We were all in the throes of culture shock when we moved to Tennessee. Riding the bus did not help to alleviate that shock. First of all, our driver's name was Bussy. As I understood it, this was not some nickname, but his real name. He was an old grizzled man, small and slouchy with black glasses and grey unshaven cheeks. He had a sour personality. Bussy would play old time country music as he drove the bus around, picking up old time country kids. This wasn't the kind of country music you might think of when you hear the word, this was Opry/Gospel/Hillbilly country music. They were the kinds of songs that started slow and then got slower, sad lonesome songs with deep nasal-voiced male singers who would often stop singing and just talk the lyrics for a few refrains, sounding like they were on the verge of crying. God-Trucks-Dogs-and-Broken-Hearts kind of music. Sister and I were quite confused.
I rode next to my sister and I had many guys ask me if she was my girlfriend (perhaps to them, it was quite possible for a sister to be both [actually, that's an unfair comment]). When I told them she was my sister, they thought it was strange I would ride next to her.
There was a winter when, on the ride home, the bus could not make it up the hill from central Jonesborough because the road was slick. Bussy made us all get out and walk up the hill. He then was able to drive it up and pick us back up. I don't understand why this was--wouldn't the added weight of the children help the bus climb the slippery hill? Maybe it was a safety issue, in which case Bussy did the right thing. Bussy was probably an okay guy and did his job well, and only in my mind is he an odd character linked to the oddness I found in Tennessee.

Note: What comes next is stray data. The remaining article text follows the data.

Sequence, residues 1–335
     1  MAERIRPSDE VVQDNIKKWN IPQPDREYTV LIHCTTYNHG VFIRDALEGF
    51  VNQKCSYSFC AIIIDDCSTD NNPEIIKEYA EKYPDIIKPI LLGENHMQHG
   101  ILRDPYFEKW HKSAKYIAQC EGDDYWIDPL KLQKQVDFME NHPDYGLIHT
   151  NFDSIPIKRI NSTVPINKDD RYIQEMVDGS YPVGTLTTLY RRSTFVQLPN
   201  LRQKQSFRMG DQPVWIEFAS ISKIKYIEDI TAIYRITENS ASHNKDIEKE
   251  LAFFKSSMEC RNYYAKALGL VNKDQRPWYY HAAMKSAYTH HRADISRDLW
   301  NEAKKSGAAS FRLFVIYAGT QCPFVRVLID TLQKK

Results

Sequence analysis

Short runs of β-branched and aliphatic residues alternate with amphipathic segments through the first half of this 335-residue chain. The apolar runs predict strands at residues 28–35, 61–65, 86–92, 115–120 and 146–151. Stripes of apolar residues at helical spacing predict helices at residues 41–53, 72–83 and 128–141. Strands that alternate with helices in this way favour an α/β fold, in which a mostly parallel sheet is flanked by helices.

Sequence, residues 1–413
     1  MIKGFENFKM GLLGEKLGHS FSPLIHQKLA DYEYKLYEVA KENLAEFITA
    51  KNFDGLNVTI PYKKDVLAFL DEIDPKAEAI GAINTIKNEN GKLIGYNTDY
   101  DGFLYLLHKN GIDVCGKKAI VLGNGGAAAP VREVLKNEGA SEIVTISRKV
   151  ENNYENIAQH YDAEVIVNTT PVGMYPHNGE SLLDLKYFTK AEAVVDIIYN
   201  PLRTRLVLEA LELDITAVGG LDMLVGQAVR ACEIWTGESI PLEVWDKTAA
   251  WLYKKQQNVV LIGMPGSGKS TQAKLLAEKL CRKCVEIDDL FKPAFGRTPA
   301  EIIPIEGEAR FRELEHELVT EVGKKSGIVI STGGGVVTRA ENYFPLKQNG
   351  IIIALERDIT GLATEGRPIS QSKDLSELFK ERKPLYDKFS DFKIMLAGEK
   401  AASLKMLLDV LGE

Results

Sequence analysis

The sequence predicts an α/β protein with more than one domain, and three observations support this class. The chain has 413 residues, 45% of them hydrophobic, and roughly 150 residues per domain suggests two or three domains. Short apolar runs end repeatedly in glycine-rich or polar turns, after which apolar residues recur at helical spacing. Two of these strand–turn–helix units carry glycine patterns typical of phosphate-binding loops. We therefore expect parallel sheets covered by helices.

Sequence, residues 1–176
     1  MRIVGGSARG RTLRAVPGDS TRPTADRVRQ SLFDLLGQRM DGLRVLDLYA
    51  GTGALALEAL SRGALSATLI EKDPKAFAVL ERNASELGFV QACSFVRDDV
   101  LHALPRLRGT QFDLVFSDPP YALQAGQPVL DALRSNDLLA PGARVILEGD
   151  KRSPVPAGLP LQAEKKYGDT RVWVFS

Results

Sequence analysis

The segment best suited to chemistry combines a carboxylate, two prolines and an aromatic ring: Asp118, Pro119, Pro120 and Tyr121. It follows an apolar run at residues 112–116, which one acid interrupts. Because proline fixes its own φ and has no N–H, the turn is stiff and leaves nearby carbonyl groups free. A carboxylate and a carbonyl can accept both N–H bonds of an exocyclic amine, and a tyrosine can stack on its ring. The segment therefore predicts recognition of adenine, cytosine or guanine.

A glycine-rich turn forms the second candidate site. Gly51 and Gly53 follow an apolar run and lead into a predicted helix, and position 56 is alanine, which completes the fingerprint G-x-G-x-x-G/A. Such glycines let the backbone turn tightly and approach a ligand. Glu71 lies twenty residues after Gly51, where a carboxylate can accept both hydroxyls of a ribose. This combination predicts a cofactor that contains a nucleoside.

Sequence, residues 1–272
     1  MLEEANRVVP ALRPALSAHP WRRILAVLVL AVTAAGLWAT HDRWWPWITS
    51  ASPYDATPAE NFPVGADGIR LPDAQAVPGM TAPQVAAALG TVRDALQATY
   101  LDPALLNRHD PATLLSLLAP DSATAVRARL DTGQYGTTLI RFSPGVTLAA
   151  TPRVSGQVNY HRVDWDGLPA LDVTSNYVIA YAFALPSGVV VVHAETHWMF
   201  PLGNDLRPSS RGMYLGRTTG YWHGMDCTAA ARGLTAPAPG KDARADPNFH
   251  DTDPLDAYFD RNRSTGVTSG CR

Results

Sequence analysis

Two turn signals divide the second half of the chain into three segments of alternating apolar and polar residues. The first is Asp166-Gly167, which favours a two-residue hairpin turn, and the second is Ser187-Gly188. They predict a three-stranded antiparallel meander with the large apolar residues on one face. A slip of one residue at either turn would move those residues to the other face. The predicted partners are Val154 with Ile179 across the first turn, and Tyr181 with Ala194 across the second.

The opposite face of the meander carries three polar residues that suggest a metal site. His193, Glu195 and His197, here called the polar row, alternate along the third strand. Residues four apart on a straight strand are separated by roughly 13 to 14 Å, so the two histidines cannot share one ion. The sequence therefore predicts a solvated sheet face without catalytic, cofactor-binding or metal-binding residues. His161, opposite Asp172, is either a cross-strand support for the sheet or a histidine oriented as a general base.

I rode the bus some when we moved out of Jonesborough and began going to school at the Cherokee County School--but most of the time Mother drove us or we traded rides with a family. When we moved to Des Moines, Iowa in 1970, we again all walked to school. So, Bussy was the bus driver of my childhood .
I can recall one day at school in Jonesborough--the school itself was massive, old and run-down, maybe five stories high (at least this is how I remember it)--I was in class and got up to go sharpen my pencil. The sharpener was by the window, which was open, and as I cranked the handle I felt the spring breeze and looked out at the lay of the land: the budding trees, the hills and small buildings and homes, the winding roads. And there, off in the distance, I saw a school bus rolling along one of those hills, the bus a bright yellow, a pin-point of color and movement among the resurgence of spring foliage. That vision struck me as being somehow profound--for reasons I didn't understand--that rural landscape of contours and distance with the school bus drawing your eye was like a painting, a work of art. I didn't know why it brought a sense of pleasure to me, as I was only eleven years old at the time, it just did. It was a pretty sight and I can recall it to this day . . . And who knows, maybe it was Bussy's bus, and he was driving it along that ridge, listening to Little Jimmy Dickens or Hank Williams or someone so sad and obscure and lonesome that it made him cry.